The addictive properties of nicotine make quitting smoking difficult. The physiological aspects of withdrawal symptoms, such as irritability and anxiety, can make sustained smoking cessation difficult. To aid in quitting, pharmacotherapy (i.e., FDA-approved nicotine replacement therapy) and behavioral support (i.e., cognitive behavioral therapy) are recommended to deal with both the physical addiction of nicotine and the urges of smoking . As relapse to smoking is common, extended therapy (i.e., lasting 6 months) has been found to be successful in increasing quit rates than brief interventions .
Studies have examined whether the health shock of a cancer diagnosis can put into motion an assessment of health risks, updating one’s own information about the consequences of smoking cigarettes , and then to a decision to quit smoking. Researchers have described this time of being diagnosed with a cancer diagnosis as a “teachable moment” that can motivate changes in health behavior . Yet, to understand whether a behavioral change such as quitting smoking is motivated by a cancer diagnosis, or whether behavior change is a part of aging, comparison with a non-cancer population is needed.
Few studies have compared smoking behavior in patients with cancer to a non-affected comparison group. One large US prospective study of people who smoked at baseline found 2- and 4- year quit rates higher in those who had a recent cancer diagnosis than those who did not . A study from the United Kingdom also examined short-term quit rates (0–2 and 2–4 years) but found no difference between cancer and non-cancer patients . Studies have examined whether the type of cancer plays a role in changing smoking habits. For example, one study compared tobacco- and non-tobacco- related cancers in adults who used tobacco to those cancer-free and found no difference in quitting smoking between those who had a non-tobacco related cancer and those who did not have cancer . In the same study, a diagnosis of a tobacco-related cancer was associated with a higher odds of smoking cessation compared to no cancer . When examining breast cancer, a prospective study using data from a Danish cohort found no differences in changes in smoking between cancer and cancer-free women . Yet, a Norwegian study found female breast cancer survivors and female colorectal cancer survivors had higher quit rates than cancer-free women . As seen with these mixed findings, whether smoking changes are motivated by a cancer diagnosis is unclear. Furthermore, these previous studies looked at only one follow-up time point of 10 years or less, or at short-term quit rates, and thus changes (including starting smoking again) over multiple time points are unknown.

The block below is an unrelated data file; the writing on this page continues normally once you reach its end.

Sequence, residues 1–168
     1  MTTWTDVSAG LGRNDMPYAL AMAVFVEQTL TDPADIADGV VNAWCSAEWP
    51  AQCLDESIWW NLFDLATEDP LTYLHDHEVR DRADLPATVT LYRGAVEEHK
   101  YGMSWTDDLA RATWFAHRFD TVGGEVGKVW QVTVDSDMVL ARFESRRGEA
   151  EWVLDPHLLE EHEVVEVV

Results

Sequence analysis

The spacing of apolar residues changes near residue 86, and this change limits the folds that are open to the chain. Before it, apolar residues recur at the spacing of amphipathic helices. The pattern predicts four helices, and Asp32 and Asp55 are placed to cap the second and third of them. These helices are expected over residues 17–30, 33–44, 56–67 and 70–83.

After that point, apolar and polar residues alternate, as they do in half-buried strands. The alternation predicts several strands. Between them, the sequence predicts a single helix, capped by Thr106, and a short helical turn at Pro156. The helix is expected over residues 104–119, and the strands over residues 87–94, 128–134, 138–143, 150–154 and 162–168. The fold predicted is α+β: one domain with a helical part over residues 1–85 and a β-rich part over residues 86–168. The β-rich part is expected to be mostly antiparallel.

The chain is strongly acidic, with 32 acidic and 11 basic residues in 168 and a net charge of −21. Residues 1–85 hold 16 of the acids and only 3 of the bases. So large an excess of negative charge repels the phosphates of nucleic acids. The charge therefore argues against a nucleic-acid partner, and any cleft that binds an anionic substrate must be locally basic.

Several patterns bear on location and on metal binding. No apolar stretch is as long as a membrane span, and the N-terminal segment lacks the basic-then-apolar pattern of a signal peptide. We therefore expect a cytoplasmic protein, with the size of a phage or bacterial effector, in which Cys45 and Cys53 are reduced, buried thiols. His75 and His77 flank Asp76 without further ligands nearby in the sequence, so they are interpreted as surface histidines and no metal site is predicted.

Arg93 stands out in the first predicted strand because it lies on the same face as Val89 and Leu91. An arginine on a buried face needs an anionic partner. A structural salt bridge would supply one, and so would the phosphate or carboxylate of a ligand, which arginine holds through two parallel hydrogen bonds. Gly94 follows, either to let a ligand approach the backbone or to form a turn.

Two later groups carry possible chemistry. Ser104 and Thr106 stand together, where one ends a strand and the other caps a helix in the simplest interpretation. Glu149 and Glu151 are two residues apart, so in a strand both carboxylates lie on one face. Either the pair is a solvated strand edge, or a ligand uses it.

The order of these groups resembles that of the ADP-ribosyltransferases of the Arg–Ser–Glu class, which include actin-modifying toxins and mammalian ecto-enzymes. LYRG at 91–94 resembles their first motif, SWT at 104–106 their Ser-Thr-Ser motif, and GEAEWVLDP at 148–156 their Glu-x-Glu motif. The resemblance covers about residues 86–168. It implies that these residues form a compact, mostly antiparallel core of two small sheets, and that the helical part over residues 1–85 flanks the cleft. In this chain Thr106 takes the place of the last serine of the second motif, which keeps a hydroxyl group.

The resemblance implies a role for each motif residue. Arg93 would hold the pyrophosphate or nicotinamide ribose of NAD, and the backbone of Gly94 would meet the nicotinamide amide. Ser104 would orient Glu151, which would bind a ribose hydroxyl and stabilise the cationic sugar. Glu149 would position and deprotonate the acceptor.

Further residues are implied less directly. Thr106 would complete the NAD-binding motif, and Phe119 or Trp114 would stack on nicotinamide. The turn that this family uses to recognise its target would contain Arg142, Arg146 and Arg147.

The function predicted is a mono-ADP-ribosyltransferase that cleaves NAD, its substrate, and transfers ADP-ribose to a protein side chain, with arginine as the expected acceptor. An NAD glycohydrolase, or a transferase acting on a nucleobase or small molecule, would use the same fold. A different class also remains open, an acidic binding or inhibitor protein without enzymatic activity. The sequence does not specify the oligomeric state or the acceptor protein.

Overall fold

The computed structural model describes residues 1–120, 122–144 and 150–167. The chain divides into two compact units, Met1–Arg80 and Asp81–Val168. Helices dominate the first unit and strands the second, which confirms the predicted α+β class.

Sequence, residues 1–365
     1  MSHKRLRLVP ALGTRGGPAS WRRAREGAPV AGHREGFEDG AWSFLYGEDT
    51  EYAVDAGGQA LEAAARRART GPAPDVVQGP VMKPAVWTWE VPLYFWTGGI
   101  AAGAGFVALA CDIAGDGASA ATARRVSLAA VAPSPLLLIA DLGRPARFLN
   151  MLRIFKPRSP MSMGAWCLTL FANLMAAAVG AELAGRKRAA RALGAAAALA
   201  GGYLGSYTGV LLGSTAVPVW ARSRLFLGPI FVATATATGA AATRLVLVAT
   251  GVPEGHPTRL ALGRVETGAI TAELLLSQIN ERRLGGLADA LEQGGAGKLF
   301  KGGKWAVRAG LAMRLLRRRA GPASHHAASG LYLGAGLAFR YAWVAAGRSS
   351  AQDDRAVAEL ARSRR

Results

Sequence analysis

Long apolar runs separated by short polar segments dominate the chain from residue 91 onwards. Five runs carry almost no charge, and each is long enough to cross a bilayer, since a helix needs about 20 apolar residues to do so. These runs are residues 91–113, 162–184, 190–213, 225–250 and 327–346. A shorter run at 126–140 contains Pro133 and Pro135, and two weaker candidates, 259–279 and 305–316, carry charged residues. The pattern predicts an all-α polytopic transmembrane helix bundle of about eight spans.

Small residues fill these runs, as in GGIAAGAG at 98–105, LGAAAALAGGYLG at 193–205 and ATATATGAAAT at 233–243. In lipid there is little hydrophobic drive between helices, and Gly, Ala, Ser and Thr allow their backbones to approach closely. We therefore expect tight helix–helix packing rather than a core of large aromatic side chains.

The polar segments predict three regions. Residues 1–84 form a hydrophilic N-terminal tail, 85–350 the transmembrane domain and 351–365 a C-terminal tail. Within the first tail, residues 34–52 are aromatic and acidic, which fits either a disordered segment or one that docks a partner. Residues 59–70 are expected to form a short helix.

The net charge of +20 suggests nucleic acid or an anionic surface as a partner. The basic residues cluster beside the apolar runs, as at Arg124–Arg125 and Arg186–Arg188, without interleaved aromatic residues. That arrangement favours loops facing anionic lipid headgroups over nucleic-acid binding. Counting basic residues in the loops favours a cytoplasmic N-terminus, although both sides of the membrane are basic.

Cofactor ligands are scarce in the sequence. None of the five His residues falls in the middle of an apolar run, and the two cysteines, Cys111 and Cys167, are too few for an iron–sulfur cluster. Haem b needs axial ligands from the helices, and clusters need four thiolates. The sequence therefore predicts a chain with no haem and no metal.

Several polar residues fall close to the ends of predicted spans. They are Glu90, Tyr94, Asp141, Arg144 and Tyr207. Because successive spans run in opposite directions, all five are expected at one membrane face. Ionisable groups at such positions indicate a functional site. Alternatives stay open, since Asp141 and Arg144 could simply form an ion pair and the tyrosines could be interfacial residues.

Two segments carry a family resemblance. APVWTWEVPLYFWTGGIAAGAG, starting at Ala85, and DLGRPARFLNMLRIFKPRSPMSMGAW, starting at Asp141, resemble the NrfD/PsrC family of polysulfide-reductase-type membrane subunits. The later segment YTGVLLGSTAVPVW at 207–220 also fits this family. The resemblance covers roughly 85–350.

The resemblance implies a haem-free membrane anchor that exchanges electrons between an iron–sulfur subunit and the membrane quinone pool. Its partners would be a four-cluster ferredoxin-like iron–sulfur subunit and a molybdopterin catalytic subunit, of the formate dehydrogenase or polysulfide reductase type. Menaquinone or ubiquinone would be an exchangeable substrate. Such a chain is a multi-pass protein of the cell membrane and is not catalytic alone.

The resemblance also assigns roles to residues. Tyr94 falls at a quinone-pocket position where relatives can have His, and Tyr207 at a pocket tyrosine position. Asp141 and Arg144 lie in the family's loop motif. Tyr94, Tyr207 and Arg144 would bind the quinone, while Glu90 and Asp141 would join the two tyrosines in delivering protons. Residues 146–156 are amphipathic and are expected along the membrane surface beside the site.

With a large cohort of breast cancer and unaffected women spanning up to 18 years of follow-up, this study aimed to examine whether a breast cancer diagnosis, which has not historically been considered a smoking-related cancer, encourages quitting smoking cigarettes. As data were collected at three follow-up time points, whether women quit and start again was also examined.